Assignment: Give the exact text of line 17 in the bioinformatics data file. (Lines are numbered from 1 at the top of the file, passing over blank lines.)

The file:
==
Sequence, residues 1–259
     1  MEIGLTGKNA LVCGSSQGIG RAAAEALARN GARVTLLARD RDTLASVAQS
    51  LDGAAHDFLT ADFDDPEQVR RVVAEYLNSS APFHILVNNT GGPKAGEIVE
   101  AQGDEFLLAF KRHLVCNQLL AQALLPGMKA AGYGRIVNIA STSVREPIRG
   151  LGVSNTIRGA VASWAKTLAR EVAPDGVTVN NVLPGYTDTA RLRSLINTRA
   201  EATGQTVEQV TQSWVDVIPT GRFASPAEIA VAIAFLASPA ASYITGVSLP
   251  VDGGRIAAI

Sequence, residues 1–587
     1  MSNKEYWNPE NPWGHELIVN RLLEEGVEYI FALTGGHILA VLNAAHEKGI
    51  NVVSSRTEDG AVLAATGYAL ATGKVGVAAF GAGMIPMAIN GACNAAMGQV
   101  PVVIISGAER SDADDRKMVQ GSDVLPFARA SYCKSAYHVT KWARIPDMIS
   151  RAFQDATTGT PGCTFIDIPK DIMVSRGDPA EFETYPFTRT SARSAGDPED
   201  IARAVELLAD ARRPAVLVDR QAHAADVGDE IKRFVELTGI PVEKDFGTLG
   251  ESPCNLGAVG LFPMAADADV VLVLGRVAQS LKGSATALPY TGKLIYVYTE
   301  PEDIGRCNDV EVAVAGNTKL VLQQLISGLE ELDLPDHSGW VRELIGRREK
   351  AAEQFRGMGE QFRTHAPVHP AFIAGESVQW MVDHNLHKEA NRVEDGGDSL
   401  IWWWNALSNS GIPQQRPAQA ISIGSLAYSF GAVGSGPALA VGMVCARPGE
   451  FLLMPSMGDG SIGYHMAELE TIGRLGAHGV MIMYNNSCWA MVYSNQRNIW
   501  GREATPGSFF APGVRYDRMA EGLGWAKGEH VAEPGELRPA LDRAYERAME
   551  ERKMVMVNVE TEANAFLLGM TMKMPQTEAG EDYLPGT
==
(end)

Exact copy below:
   401  IWWWNALSNS GIPQQRPAQA ISIGSLAYSF GAVGSGPALA VGMVCARPGE